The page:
A Guide to Dry Powder Fire Extinguishers
Dry powder extinguishers, depending on which powder is used, can be used on:
- Class A: Ordinary combustibles (wood, paper, cloth, rubber and plastics)
- Class B: Flammable liquids (petrol, oil, spirits and grease)
- Class C: Flammable gases (gas, propane and hydrogen)
- Class D: Burning metals (sodium, manganese, aluminium, etc)
- Class E: Electrical fires
How to identify them
Dry powder extinguishers are easy to identify with their blue label and white writing. However, you’ll also need an accompanying dry powder fire extinguisher sign
Types of dry powder
As the name implies, dry powder fire extinguishers use dry powder as their extinguishing agent.
There are several types of dry powder:
- ABC: Suitable for class A, B and C fires, and can be used on electrical equipment
- M28: For metal fires, excluding lithium
- L2: For all metal fires, including Lithium
- BC: Suitable for class B and C fires
- Monnex: Potassium bicarbonate-urea based, developed for class B and C liquid and gas fires
How they work
Dry powder extinguishers work by spraying a very fine powder over a fire, forming a layer that eliminates the source of oxygen.
Dry powder extinguishes fires quickly, but extra precautions need to be taken to prevent re-ignition.
Vehicle and car fire extinguishers
ABC dry powder fire extinguishers are the only ones suitable for use on vehicle fires.
Your automobile is filled with gas, oil and flammable upholstery; a dry powder extinguisher can tackle all of these fires and is safe to use on electrical appliances.
Legally, all commercial vehicles must have a minimum of 1 x 2kg dry powder fire extinguishers. Depending on the goods they carry, other extinguishers will be required, too.
ABC dry powder fire extinguishers can be used on electrical fires.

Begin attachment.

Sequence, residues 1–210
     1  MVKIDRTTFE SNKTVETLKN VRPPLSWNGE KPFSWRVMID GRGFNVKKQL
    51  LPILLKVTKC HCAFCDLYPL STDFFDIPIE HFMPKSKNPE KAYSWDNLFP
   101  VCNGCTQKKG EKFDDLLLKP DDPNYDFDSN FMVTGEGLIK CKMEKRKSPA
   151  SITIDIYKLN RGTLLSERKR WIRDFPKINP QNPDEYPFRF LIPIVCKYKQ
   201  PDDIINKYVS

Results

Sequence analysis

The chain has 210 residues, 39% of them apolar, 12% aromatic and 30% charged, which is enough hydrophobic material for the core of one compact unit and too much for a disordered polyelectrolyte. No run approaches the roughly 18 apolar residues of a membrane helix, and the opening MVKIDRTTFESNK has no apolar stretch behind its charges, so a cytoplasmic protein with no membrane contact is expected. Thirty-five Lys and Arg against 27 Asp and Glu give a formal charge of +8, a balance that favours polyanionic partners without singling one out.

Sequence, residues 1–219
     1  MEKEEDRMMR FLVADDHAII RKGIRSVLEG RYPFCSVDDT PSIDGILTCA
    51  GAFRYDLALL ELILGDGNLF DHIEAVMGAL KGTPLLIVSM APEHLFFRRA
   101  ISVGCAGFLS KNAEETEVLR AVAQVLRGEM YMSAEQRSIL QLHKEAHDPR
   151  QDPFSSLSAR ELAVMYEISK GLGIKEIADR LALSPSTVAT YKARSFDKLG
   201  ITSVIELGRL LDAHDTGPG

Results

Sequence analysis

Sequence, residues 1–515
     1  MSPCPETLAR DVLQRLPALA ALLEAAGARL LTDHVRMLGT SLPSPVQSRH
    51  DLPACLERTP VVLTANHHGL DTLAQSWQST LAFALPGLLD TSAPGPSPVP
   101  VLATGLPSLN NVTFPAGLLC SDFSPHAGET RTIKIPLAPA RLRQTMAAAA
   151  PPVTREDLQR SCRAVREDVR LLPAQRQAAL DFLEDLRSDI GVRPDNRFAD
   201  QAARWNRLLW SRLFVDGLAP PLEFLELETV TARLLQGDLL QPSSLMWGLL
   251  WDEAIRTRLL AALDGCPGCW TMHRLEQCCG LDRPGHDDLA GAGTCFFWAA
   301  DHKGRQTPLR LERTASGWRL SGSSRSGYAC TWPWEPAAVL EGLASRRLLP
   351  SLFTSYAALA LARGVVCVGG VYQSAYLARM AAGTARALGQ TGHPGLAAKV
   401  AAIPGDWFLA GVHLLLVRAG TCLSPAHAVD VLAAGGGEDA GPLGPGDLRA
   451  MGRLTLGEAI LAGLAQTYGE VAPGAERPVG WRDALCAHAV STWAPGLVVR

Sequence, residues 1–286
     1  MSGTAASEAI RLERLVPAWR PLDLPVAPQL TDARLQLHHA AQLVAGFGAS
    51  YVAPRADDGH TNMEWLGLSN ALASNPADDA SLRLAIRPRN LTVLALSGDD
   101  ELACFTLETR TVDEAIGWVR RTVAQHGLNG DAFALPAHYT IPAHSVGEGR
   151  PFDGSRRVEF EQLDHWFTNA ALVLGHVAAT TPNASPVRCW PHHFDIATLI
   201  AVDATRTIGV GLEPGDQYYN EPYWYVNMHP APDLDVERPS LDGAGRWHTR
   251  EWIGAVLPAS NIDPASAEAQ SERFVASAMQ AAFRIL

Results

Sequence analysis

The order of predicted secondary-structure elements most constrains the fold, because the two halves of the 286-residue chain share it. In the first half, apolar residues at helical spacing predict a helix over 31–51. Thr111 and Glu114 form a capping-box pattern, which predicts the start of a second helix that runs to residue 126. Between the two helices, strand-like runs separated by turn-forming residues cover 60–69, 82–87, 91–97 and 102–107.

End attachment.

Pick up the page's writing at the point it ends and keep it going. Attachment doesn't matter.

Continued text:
Generally, CO2 extinguishers are the only ones recommended for use on electrical fires, but this is because the carbon dioxide won’t damage electrical equipment. ABC dry powder extinguishers can also be used on electrical appliances, but the powder agent can damage them.
This is because ABC dry powder contains ammonium phosphate, which can react with any water present to form phosphoric acid. This is corrosive and can seep into even the slightest cracks in equipment.
Two types of dry powder can be used on metal fires, which are M28 and L2.
M28 fire extinguishers spray a fine sodium chloride powder onto metal fires (excluding lithium). M28 powder is especially effective on alkali metals, such as sodium, potassium, magnesium.
L2 lithium fire extinguishers can also be used to fight metal fires. Unlike M28 powder extinguishers, they’re also effective on lithium fires.
Neither of these agents will put you at risk of receiving a thermal shock when you use them on metal.
Benefits of Monnex dry powder
Monnex dry powder is suitable for class B and class C fires. Monnex is known for being a powerful agent as it can achieve a higher fire rating for class B and C fires than standard ABC or BC powders.
However, if you are going to use this extinguisher, bear in mind that it isn’t suitable for class A fires.
ABC rating – what does the number mean?
You will notice that in standard ABC fire extinguishers
, there is normally a number next to the letters. For instance, you may see ‘ABC 20’ or ‘ABC 70’.
It basically tells you what proportion of the main agent your dry powder extinguisher contains. For instance, commonly, ABC powder extinguishers’ main agent is monoammonium phosphate (MAP).
A higher MAP indicates a more efficient agent; you will generally find that extinguishers with a higher number also have a higher fire rating.
However, this does not mean you should always opt for a higher MAP.
While they may be better at extinguishing fires, the agent may also be more harmful when inhaled. So if the risk is low, opt for a lower MAP.
Only use them on small fires
Dry powder extinguishers are typically used to control and tackle small fires.
It’s not a good idea to use them on fires that are out of control; the powder emitted can obstruct your vision and can be harmful when inhaled.
Do not use them in enclosed spaces
If you use dry powder extinguishers in enclosed spaces because the powder released can cause breathing difficulties. To keep yourself protected, keep breathing apparatus near your dry powder extinguishers, and avoid using them in tight, enclosed spaces.
How do they react with other extinguishers?
Another aspect to consider is the way dry powder extinguishers react with other fire extinguishers.
Dry powder and water mix to form a corrosive substance that causes damage to electrical appliances, so they shouldn’t be used with water (H2O) fire extinguishers
It’s also important to make sure you know whether your powder extinguisher is foam compatible.
For more information on other fire extinguishers click here